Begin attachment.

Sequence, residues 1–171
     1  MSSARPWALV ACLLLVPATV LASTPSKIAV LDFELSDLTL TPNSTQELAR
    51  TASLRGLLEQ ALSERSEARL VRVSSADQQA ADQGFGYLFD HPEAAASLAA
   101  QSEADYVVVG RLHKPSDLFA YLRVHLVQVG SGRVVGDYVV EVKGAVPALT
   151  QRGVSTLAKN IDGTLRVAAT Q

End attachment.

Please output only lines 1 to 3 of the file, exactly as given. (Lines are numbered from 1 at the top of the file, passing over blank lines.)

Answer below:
Sequence, residues 1–171
     1  MSSARPWALV ACLLLVPATV LASTPSKIAV LDFELSDLTL TPNSTQELAR
    51  TASLRGLLEQ ALSERSEARL VRVSSADQQA ADQGFGYLFD HPEAAASLAA